Postby KEND on Mon Apr 03, 2017 5:57 pm

The chest and back movement are a result of raising the hui yin
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Re: Orbits

Postby charles on Mon Apr 03, 2017 7:19 pm

KEND wrote:The chest and back movement are a result of raising the hui yin


I can raise/lift my perineum with zero chest movement and negligible back movement. I find no cause-and-effect between lifting the perineum and movement of the chest or upper back. YMMV. On the other hand, movement of the "greater" abdomen, that results in the perineum lifting, is a different story.
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Re: Orbits

Postby Ed Ladnar on Tue Apr 04, 2017 6:02 pm

So it sounds like not only does no one agree with my initial thought about these concepts being equivalent, but no one even agrees on what these concepts mean individually. Shouldn't we be a bit concerned about that? If we're talking about models to describe a physical experience and physical movement of the body, I would hope for more consensus.
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Re: Orbits

Postby Ed Ladnar on Tue Apr 04, 2017 6:08 pm

One more thing: it seems pretty universal that macrocosmic orbit goes up the back and down the front. Yet no one thinks that is connected (no pun intended?) to pluck up the back and sink the chest?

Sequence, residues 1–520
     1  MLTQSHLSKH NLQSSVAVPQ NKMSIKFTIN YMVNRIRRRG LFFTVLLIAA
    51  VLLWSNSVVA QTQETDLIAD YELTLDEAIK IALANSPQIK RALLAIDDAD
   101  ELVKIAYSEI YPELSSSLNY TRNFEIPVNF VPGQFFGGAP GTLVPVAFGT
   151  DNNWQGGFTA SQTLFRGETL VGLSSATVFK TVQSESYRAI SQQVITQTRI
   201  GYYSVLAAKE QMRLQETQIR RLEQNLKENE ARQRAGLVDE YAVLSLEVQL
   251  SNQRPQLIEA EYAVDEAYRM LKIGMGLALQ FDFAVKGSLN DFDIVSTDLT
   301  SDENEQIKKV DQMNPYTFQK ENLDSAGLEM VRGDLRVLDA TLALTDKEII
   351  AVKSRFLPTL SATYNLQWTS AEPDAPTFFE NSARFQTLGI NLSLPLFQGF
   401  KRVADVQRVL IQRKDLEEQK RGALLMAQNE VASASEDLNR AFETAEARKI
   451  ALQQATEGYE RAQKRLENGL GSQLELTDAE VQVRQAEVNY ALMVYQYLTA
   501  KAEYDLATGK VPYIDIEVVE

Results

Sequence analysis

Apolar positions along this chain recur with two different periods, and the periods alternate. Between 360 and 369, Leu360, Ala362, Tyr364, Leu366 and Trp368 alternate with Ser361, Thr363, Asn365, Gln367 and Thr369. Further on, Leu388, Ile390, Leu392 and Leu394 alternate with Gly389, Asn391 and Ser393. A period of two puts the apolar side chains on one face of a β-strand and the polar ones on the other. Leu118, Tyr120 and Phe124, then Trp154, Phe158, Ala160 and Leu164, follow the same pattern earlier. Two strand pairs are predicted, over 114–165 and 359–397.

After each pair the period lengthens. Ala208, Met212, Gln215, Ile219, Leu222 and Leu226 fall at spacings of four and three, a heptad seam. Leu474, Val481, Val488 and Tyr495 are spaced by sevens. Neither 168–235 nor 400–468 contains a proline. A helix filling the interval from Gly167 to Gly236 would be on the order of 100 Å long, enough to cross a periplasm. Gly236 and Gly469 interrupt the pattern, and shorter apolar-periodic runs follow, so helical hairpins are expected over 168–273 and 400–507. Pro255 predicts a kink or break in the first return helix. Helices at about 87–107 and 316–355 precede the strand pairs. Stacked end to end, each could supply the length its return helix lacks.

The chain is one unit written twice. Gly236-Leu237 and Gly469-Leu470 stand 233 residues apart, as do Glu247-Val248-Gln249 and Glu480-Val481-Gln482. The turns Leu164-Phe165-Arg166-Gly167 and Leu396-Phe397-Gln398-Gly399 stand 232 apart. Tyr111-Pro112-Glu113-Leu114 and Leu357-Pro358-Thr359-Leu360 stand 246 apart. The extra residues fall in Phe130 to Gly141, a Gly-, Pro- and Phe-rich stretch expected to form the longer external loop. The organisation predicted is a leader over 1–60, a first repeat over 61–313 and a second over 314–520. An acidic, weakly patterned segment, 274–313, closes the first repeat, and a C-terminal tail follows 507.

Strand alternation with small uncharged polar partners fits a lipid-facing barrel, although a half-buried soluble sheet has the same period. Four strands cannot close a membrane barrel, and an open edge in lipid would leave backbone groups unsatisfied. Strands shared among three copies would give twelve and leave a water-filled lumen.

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Re: Orbits

Postby windwalker on Tue Apr 04, 2017 7:32 pm

Ed Ladnar wrote:What do you think of "sink the chest and pluck up the back" = pull down the front and pull up the back = macrocosmic (or microscopic) orbit?


some might infer this as part of the making or understanding of how to do this.

Image
https://spark.adobe.com/page/WbRbg/

If one can understand and do this then all or most of what has been mentioned has to come into play...

Image
https://en.wikipedia.org/wiki/Center_of_mass


Another way of looking at it.

Shouldn't we be a bit concerned about that? If we're talking about models to describe a physical experience and physical movement of the body, I would hope for more consensus.


The only one who should be concerned is the one who asks. What others do or not, should not have any influence on ones own practice once it reaches a certain point.